Yet the decision to begin the film not with this image of family - but rather with a reminder of the fragmented other family from which Jesse has estranged himself - does also have the effect of lessening slightly the joy of discovering our couple stuck it out for the years since Sunset’s ending. In addition to this - as with almost all films about long-term relationships rather than courtships - as the film progresses we will learn that this relationship is no idyll, and that it’s in no small part the pair’s respective roles as parents that is causing tensions (more on this shortly). It is such tensions as these that make this film easily the most melodramatic of the three, and indeed make Midnight appear to be the melodrama towards which the more comedic aspects of the earlier films now seem always to have been moving. This is true in two main ways: the foregrounding of conflict, and the nature of the conflicts.
The major argument between them in the third film - the seeds of which are sewn in the very first scene - concerns Jesse’s son, his fear as a father that he is missing out on crucial years, and his resultant desire to move to the U.S. in order to be closer to him. Céline believes it is asking too much of her and the children to uproot their lives by relocating to the States again. (It’s worth stressing again, since one thing we learn in the hotel room scene - in dialogue that passes quickly enough to be missed on first viewing - is that Céline did previously move to New York with Jesse for two years.) Key to this argument is that Céline feels both that the move would negatively affect her career, but also - and more importantly - that for Jesse even to make the request reveals something troubling about the way he regards her career. Yet there are many other points of contention besides. They clash over (unconfirmed but heavily implied) extra-marital sex each may have had; the division of labour in their child-rearing (and during their current holiday); the way Céline speaks to Jesse’s son about his mother; her refusal to let Jesse speak to the son when he calls; Jesse’s long periods of absence while on book tours; the routinized nature of their lovemaking; Jesse’s using aspects of their lives in his writing; their respective styles of arguing, and on and on…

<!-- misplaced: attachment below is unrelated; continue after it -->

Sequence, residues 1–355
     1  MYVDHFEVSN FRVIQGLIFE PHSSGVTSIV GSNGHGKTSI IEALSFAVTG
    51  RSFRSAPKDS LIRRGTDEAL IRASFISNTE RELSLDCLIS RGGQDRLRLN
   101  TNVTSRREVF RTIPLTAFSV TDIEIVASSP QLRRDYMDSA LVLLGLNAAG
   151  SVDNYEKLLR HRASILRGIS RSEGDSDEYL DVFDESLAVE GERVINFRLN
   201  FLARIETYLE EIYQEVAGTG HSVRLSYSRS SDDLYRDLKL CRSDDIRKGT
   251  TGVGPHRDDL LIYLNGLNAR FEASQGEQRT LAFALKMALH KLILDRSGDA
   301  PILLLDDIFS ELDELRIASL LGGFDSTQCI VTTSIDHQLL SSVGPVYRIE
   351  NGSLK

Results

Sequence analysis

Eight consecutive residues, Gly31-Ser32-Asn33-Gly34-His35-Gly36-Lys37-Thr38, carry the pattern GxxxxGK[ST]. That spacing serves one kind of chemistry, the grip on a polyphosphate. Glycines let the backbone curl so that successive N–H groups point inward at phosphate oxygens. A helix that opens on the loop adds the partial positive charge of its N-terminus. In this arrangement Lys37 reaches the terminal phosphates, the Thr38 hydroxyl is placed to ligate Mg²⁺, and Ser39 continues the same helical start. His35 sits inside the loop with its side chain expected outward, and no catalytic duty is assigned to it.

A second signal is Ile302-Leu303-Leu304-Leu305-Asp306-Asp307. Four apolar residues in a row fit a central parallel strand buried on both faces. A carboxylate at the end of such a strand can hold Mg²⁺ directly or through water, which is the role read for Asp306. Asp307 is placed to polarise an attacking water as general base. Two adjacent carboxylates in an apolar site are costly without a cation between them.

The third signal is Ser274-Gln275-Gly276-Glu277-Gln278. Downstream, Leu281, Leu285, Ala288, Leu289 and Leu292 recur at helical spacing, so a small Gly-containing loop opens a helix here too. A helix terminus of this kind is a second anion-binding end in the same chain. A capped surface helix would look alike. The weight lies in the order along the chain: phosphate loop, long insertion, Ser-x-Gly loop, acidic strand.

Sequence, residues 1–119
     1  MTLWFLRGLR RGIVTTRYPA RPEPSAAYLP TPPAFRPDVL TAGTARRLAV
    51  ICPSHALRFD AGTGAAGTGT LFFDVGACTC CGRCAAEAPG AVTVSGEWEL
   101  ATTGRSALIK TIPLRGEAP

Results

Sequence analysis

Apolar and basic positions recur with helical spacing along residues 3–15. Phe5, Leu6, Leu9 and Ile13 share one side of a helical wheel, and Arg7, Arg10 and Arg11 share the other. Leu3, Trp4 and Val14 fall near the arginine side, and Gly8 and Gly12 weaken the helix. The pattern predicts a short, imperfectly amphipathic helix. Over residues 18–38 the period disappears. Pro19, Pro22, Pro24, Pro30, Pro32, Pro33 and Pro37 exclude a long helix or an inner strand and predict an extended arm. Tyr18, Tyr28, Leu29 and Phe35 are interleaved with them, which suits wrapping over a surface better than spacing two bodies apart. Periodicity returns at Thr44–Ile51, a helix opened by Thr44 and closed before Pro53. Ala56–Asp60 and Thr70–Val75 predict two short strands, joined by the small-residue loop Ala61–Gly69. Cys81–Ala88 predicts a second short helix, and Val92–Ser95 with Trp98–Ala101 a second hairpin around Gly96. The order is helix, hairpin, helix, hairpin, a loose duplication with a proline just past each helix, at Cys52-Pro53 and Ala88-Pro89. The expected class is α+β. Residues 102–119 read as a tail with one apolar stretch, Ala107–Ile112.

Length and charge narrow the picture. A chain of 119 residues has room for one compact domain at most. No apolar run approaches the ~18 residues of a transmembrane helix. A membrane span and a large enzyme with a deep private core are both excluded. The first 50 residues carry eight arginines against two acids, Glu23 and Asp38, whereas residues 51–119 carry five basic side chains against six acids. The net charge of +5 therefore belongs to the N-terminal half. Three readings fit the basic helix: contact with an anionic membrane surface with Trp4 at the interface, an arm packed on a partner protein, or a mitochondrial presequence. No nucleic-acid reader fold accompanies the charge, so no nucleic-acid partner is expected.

This, in fact, is perhaps the main difference between third film and its predecessors: the extent to which it is structured around a conflict between the couple. And although there are moments when their discourse still conveys the more liberatingly improvisatory mood of the first two films’, these moments are usually also accompanied by acknowledgments of how rare these kinds of interactions have become: during the walk to the hotel they mention the strange sense of momentary freedom that comes with not needing to perpetually manage their children; early in the hotel room scene Jesse opines, “I haven’t heard you think in years…”
That line cuts particularly deep, because it reminds us that this is essentially what the previous films so valuably offered them (and us), and makes us consider anew the conditions that made this possible. The deliciously comedic climate of Sunrise in particular stems partly from the fact that (as well as being at least somewhat financially privileged), Jesse and Céline also had so much still to learn about each other, sharing no messy history and complicatedly enmeshed lives that might encourage deceit, recrimination, secrets. They were unburdened by marriage, then, but also family, serious jobs, and thus permitted the time and space for leisure; moreover, they were blessed with a sense of possibility - what Larkin brilliantly called “that certainty of time laid up in store” - that can accompany youth. This is one thing sorely lacking in Midnight.
Yet there is also something else that needs noting about the melodramatic nature of our couple’s relationship in Midnight - something that can’t be explained by the nature of narrative or ageing alone, and towards which the subjects of their arguments mentioned above firmly point. This is where not just the word ‘genre’ but also the word ‘gender’ in this article’s title becomes important…
Melodrama and gender